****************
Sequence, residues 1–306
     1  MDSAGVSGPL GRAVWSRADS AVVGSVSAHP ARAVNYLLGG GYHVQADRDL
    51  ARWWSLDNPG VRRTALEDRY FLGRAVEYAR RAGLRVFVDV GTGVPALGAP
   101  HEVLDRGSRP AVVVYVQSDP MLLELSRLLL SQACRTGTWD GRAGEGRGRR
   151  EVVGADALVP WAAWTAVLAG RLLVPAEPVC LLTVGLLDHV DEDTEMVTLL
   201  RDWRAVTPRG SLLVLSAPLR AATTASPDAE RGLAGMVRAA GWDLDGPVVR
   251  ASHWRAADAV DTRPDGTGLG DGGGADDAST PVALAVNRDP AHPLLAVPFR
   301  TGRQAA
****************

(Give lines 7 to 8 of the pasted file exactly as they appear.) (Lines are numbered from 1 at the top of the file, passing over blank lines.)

   251  ASHWRAADAV DTRPDGTGLG DGGGADDAST PVALAVNRDP AHPLLAVPFR
   301  TGRQAA